The Mariners barely got the ball out of the infield to score the winning run. Adrian Beltre hit a little looper that sent shortstop Mike Aviles racing into short left field where he couldn't quite make the catch. It went for a double.
"I had a good beat on it," Aviles said. "I thought I was going to get it and it just fell in. And then I tried to get him at second and he just got in there also. It was just inches away from being a completely different situation."
Beltre went to third on Jeremy Reed's sacrifice bunt and Willie Bloomquist tapped back to Soria. Beltre bolted for home.
"It was a designed play, a contact play, so he's going as soon as I make contact with the ball regardless of where it's at," Bloomquist said. "You're rolling the dice a little bit, knowing there could be a close play at the plate."
Soria threw to catcher John Buck and Beltre threw on the brakes and retreated back toward third. He looked like a dead duck but Buck lobbed a throw that went over third baseman Alex Gordon's head.
"I didn't want to throw it hard, I was just trying to get it over to Gordon because we had an out," Buck said. "Just a bad throw."
Fortunately, Aviles was backing up the play and made a barehanded save of the throw. Unfortunately, he didn't throw home where Soria was standing and waving in vain hope for a throw.
Instead, Aviles threw to second base too low and too late to get the advancing Bloomquist. Meanwhile, Beltre crossed the plate with the deciding run.
Aviles said he needed to get a throw past both Gordon and Beltre to have any chance at the plate so he threw to second instead.
"I thought I would have to throw over two people who were obviously a lot taller than me," Aviles said. "I think I'd have probably had to jump to throw and get Beltre at the plate so I opted to go to second."
Could Aviles have gotten Beltre at the plate?
"It was possible," Royals manager Trey Hillman said. "It looked like it from my vantage point that he might have had a play."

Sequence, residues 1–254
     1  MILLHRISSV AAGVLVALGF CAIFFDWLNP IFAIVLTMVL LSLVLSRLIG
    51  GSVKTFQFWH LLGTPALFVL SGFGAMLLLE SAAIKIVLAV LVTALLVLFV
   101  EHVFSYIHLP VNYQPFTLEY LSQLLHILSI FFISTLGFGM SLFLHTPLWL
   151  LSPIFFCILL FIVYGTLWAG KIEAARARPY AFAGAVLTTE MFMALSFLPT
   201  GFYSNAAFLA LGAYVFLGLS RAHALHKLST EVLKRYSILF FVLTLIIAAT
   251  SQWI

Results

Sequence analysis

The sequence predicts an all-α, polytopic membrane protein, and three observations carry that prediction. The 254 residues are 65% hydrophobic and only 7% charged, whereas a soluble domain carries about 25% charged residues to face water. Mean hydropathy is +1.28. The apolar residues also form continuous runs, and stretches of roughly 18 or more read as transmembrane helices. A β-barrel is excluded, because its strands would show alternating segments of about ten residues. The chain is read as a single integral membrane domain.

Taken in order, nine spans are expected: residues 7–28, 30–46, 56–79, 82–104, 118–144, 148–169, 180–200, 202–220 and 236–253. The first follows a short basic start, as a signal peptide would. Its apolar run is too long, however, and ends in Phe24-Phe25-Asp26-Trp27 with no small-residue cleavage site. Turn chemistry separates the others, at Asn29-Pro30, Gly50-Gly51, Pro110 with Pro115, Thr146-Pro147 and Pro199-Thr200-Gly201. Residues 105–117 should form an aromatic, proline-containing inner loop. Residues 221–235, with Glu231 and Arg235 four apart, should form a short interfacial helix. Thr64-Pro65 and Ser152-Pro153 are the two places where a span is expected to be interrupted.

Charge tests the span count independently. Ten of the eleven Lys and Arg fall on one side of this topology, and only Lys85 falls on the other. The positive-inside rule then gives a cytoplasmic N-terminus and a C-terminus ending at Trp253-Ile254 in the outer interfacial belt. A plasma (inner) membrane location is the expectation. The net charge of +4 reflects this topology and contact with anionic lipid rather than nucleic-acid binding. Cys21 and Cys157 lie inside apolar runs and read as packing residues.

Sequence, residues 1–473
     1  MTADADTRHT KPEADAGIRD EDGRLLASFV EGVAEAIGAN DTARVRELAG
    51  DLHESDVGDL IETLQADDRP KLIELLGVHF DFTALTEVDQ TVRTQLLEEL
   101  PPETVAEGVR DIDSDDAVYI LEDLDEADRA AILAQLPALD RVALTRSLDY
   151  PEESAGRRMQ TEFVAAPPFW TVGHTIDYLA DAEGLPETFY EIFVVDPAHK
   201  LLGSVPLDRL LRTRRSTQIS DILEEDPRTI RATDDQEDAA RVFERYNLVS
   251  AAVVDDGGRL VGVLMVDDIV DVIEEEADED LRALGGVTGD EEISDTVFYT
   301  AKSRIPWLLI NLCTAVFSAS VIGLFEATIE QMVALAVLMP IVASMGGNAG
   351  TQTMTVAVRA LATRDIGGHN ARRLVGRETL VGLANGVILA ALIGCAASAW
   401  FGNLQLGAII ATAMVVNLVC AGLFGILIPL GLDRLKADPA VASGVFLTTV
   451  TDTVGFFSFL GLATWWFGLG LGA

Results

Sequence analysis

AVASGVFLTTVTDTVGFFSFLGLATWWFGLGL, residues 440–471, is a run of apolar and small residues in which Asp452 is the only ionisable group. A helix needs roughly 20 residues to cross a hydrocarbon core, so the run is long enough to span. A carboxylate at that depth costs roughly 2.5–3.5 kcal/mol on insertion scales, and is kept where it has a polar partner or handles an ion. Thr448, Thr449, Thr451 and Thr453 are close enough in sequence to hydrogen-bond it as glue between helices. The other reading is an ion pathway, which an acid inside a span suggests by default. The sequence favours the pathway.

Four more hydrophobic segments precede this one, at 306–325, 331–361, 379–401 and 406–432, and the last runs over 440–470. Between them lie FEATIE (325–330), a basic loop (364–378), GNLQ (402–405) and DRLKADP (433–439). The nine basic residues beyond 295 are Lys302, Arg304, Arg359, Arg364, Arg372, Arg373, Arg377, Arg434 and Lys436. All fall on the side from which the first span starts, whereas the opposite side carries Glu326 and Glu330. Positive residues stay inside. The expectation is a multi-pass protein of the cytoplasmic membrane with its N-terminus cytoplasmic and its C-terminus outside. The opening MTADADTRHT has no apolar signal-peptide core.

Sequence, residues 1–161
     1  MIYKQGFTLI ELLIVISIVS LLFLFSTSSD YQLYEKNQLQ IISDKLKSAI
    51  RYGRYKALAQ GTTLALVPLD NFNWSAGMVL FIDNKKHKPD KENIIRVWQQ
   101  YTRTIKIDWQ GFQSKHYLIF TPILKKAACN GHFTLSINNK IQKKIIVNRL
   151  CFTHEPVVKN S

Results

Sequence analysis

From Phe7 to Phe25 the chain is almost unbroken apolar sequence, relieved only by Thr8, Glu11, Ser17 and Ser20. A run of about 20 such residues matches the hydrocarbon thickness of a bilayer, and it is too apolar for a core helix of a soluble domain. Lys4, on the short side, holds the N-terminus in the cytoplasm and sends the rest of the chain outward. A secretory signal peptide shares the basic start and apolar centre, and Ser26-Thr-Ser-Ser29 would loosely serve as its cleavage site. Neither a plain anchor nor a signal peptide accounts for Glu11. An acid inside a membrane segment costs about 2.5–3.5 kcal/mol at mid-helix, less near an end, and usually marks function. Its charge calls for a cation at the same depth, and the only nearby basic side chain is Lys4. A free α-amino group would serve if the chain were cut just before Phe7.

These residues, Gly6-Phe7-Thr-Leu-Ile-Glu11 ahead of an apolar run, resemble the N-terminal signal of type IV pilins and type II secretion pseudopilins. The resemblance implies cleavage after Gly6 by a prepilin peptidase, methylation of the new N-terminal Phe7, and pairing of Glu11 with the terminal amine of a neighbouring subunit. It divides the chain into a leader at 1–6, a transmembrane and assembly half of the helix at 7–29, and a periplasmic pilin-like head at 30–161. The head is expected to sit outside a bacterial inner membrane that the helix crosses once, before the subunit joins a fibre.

Soria, watching from home plate, wasn't certain.
"I don't know," he said. "Probably. I'm not sure about that. He got the ball with a bare hand and was in a bad position to throw home. I don't know if he could've made a good throw to home."
The Royals went down in order in the ninth and their first half was over with a record of 43-53, compared to 38-50 at the All-Star break last season.
Royals starter Kyle Davies held a 2-1 lead and got two outs in the seventh. But Bloomquist singled and Jeff Clement, a .159 hitter who was in a 0-for-15 funk, belted a two-run homer to right field.
Davies threw a changeup on a full count. The wrong choice, he freely admitted.
"I was thinking about it afterwards and I had really good command of my slider, my curveball and my fastball," he said. "Why would you throw a changeup there, especially with the game 2-1 in the seventh?"
Still, the Royals scrambled back for a 3-3 tie in the bottom of the seventh against lefty reliever Ryan Rowland-Smith.
Ross Gload and Buck each singled and David DeJesus bunted them to second and third. Hillman was asked why DeJesus, the Majors' leading hitter with runners in scoring position (.460), did not swing away.
"I didn't have any sign on, he bunted on his own," Hillman said. "He felt more comfortable because he knew he [Rowland-Smith] was going to continue to challenge him with slider down and away. He felt like he wasn't going to get anything to pull."
Aviles, who had three singles earlier, this time hit a chopper to short that was good enough to get Gload home with the tying run. But that was it; Mark Teahen rolled into the third out.
There was no more left and the Royals' three-victory spurt was ended. At least they won the series from the Mariners.
"The bright spot of the whole thing is we took two out of three," Aviles said.